In 2004, when a Stanford team won the Grand Challenge organized by the Defense Advanced Research Projects Agency (DARPA), autonomous vehicles coasted their way on to the world stage. The first companies to join the self-driving vehicle game were tech giants Google and Uber along with automakers General Motors, Ford and Volvo.
In addition to contributing to technological advances in self-driving vehicles, these companies launched major advertising campaigns that essentially turned autonomous vehicles into a global social phenomenon. To wit: The global market for autonomous vehicle products and services – which was estimated to be $54 billion in 2016 – is projected to grow to $290 billion by 2030.
Leveling up: Not all self-driving cars are created equal
A self-driving car is defined as a vehicle that can drive itself autonomously without human involvement. In some cases, an autonomous car may be equipped with a steering wheel or other human controls, but it can drive itself without a driver behind the wheel.
The Society of Automotive Engineers (SAE) has developed a handy classification system which defines the varying degrees of driving automation in vehicular technology, which ranges from 0 (no automation) to 5 (fully autonomous).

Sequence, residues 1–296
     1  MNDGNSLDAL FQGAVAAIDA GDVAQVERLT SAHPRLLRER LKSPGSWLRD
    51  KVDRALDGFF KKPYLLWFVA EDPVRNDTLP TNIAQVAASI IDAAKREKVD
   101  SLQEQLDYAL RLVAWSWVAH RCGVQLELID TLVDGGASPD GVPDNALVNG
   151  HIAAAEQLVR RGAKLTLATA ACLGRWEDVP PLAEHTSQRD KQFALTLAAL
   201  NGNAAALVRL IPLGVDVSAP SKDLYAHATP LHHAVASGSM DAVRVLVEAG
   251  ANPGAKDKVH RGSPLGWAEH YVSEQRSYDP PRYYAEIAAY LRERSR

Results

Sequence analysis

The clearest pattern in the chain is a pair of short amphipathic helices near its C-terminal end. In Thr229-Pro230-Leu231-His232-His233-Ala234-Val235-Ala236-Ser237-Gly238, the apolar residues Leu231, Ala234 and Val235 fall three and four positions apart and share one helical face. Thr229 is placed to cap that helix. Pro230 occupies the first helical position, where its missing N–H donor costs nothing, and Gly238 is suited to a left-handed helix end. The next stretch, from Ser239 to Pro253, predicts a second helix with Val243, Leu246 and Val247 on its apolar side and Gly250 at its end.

- Level 0 – No Driving Automation
At this level, driving is fully manual, meaning a driver is completely in charge of operating a vehicle.
- Level 1 – Driver Assistance
This level may include a driver-assistance system – such as adaptive cruise control – but still requires a driver to pay attention and be prepared to take over driving the vehicle, if necessary.
- Level 2 – Partial Driving Automation
Partial driving automation helps a driver steer, brake, and accelerate by making automated driving decisions. However, the driver must remain alert and ready to take control at all times.
- Level 3 – Conditional Driving Automation
This level uses various driver assistance systems and artificial intelligence to make decisions. A human driver not only must be present but also ready to take control at any moment. For example in the event of a system failure, the driver may need to intervene immediately, to prevent the vehicle from suddenly stopping.
- Level 4 – High Driving Automation
High-level automation allows a car to drive itself in situations it was programmed to handle. This type of programming includes an emergency override feature, which enables the car to automatically in case of system failure.
- Level 5 – Full Driving Automation
This level, as the name implies, means fully autonomous, driverless vehicles that can operate reliably under all conditions, including adverse weather.
One of the biggest challenges facing manufacturers of self-driving cars is demonstrating that their vehicles are safe.
Current safety statistics reveal that human-driven vehicles are responsible for one fatality for every 100 million miles driven; companies developing self-driving cars believe that their technology will need to be at least this safe.